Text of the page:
Treat U.S. citizens in Puerto Rico fairly

Story highlights

  • Puerto Rico Gov. Luis Fortuño: Some of my fellow Republicans being unfair to Puerto Rico
  • He says the House GOP is seeking to cut Medicaid funding for the territory
  • Fortuño: States with similar populations get 80% support; Puerto Rico would get 20%

At a time when Republicans are reaching out to the Hispanic community, why are some in my party treating the U.S. citizens in Puerto Rico differently than the U.S. citizens in the 50 states?

When the federal government pays close to 80% of Medicaid costs for states with similar populations, why are House Republicans cutting the federal share of Puerto Rico's Medicaid program to 20%?

I believe leadership is about standing for what is right above politics and party, and that is the pledge I have made to the 3.7 million American citizens in Puerto Rico whom I represent. So I have to call it like it is: the U.S. House's anticipated move to exact a 65% cut to Medicaid funds for Puerto Rico is neither right nor fair, and I urge my Republican colleagues to change direction.

As a fiscal conservative, I fully support efforts to responsibly reduce the cost and size of government, just as we have done in Puerto Rico by cutting government spending by almost 20% and reducing an inherited budget deficit by 90% in three years.

However, it is fundamentally wrong to single out Puerto Rico to bear the brunt of cuts that are not shared by the rest of the nation, especially when the territory already does not have parity with the states in health care programs and lacks the votes in Congress to protect our position.

Historically, Puerto Rico's Medicaid program has been chronically underfunded by the federal government. In 2010, Puerto Rico and the other territories secured corrective legislation to provide $6.3 billion in Medicaid funding over 10 years, which includes $5.4 billion for Puerto Rico. This legislation was enacted as part of the Affordable Care Act, although wholly separate from the law's other national Medicaid policy provisions.

Where previously Washington paid less than 20% of Puerto Rico's Medicaid costs, the federal government is now paying 35% of the cost of our program. This is a step in the right direction, but still far below equal treatment. By comparison, the federal government pays nearly 70% for the District of Columbia's program and 75% for Mississippi's program.

Now, House Republicans have assembled a package of budget cuts to replace the automatic, across-the-board sequester. The proposal does not cut the Medicaid expansion funds for the 50 states, but Puerto Rico's $5.4 billion Medicaid provision has been singled out for elimination.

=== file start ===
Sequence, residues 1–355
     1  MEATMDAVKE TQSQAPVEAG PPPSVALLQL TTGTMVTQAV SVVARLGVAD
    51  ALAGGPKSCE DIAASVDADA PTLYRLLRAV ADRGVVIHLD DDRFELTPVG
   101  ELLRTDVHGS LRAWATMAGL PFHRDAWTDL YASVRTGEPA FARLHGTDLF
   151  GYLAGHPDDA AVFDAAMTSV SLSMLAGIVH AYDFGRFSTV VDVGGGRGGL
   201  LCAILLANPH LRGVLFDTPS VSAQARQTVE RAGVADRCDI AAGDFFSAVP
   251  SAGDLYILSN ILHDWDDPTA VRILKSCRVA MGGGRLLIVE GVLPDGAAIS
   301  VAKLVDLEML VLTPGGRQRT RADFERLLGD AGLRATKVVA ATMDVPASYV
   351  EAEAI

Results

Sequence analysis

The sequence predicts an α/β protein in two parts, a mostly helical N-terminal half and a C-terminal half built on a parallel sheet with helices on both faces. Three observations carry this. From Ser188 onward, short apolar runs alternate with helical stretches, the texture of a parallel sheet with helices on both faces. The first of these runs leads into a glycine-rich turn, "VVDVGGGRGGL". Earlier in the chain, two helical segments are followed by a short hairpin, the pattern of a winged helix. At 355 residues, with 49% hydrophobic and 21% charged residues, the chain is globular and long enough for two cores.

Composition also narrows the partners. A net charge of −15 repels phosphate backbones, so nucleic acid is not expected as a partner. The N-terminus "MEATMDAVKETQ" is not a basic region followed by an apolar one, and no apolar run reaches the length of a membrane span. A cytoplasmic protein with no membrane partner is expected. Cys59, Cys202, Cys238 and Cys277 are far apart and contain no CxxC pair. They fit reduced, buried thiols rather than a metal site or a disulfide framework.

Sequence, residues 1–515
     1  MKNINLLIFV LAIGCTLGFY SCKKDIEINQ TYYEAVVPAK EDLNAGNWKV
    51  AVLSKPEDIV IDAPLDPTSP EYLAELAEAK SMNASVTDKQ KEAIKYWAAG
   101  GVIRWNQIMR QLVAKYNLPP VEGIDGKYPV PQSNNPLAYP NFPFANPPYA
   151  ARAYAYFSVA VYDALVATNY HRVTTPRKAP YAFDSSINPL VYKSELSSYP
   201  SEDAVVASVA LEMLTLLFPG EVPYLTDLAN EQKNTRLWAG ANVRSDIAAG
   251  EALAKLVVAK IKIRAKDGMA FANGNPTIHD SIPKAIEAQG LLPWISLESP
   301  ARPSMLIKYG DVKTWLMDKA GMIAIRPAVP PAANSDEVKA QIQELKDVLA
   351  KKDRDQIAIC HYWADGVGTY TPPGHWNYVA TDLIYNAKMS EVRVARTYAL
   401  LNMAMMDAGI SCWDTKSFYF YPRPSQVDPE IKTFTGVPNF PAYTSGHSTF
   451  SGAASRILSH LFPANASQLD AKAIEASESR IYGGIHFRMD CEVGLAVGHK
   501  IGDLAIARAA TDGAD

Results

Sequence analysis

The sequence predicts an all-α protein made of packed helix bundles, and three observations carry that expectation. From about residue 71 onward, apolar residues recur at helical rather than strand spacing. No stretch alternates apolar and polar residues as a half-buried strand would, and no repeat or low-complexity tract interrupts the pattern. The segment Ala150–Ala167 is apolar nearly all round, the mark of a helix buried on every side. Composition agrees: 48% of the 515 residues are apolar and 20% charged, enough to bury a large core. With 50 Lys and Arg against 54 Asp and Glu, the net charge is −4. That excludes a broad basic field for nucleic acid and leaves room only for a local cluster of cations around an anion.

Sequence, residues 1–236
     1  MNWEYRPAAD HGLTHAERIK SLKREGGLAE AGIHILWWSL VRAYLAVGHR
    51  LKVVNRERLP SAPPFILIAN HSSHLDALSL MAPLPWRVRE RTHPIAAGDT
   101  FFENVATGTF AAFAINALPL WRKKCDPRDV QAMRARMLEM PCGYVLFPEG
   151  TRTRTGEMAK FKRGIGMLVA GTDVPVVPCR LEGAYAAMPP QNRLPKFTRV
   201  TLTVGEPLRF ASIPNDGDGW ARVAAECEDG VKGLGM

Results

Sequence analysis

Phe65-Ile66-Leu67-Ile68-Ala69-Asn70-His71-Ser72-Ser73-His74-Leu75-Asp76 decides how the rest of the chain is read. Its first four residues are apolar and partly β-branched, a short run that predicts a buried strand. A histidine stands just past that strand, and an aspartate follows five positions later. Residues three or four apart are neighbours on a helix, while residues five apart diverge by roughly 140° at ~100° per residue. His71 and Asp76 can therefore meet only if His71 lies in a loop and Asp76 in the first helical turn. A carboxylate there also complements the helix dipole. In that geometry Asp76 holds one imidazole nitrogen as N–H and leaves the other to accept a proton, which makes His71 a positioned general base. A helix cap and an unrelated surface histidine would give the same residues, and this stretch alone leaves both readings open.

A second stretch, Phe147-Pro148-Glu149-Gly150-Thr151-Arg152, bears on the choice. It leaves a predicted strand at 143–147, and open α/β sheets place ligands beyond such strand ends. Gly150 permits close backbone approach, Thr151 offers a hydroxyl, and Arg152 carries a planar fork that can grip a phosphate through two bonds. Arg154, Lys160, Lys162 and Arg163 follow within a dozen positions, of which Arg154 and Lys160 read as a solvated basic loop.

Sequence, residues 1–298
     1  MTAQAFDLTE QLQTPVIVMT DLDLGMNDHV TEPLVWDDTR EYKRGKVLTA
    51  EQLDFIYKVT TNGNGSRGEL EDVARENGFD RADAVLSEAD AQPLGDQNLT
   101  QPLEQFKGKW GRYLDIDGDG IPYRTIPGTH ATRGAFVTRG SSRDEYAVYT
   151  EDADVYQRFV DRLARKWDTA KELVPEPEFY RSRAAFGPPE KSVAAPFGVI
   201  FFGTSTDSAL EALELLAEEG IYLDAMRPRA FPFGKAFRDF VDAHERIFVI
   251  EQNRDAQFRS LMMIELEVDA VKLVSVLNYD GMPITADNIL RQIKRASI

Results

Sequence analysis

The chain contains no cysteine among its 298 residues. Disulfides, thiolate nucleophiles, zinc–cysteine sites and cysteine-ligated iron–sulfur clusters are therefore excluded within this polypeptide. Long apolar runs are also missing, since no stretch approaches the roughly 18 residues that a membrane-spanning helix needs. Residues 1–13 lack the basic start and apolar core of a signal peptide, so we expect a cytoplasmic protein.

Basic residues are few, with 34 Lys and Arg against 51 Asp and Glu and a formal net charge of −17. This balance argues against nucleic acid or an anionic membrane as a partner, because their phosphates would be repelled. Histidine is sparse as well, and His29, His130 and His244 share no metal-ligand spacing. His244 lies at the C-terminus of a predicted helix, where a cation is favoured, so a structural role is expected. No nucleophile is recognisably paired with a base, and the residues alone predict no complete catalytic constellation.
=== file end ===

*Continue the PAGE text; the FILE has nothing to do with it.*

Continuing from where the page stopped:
The cuts would knock Puerto Rico's federal Medicaid funding down to an effective rate of 20%. What governor in the 50 states could accept -- much less accommodate -- covering 80% of Medicaid costs? With federal mandates but no flexibility over eligibility or benefits? State budgets would be ravaged.

The simple truth is that no governor in the 50 states would accept such an assault on American citizens. The state's delegation would fight it, and such unfair, pernicious cuts simply wouldn't be accepted. The same is happening in Puerto Rico, but we have no delegation, no seat at the table when decisions are made, no votes in the federal government that makes our laws. This is perhaps the ultimate price we pay because of our territorial status. If Puerto Rico were a state, we would have full parity in all federal programs, including Medicaid.

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Medicaid is not the only U.S. health care program in which Puerto Rico is treated unfairly. If hundreds of thousands of Puerto Ricans have been willing to serve the U.S. military with honor, wearing the U.S. flag proudly on their uniform, then surely our veterans deserve to be protected under Tri-Care Prime, the gold standard of health care for our nation's veterans in the 50 states. Yet Puerto Rico's veterans are excluded.

As I have said from the start of the health care debate, our goal is for the 3.7 million U.S. citizens of Puerto Rico to be treated equally with citizens residing in the states. The territory provision in the Affordable Care Act wasn't about individual mandates, or government-run healthcare. It was about beginning to correct the unfair treatment of the American citizens of Puerto Rico in Medicaid, which has existed since that program was established.

My personal hero, Ronald Reagan, brought many of us from the Hispanic community into the Republican Party. Hispanics responded to him because he stood consistently and firmly for conservative values. The misguided proposal by House Republicans to cut Medicaid benefits for the U.S. citizens of Puerto Rico compromises conservative values and jeopardizes our efforts to rally Hispanic support. It's not too late.

House Republicans still have time to show real and genuine leadership on this issue. All we ask is that you treat Puerto Rico fairly. What's good for Americans in every state should be good for Americans in Puerto Rico as well.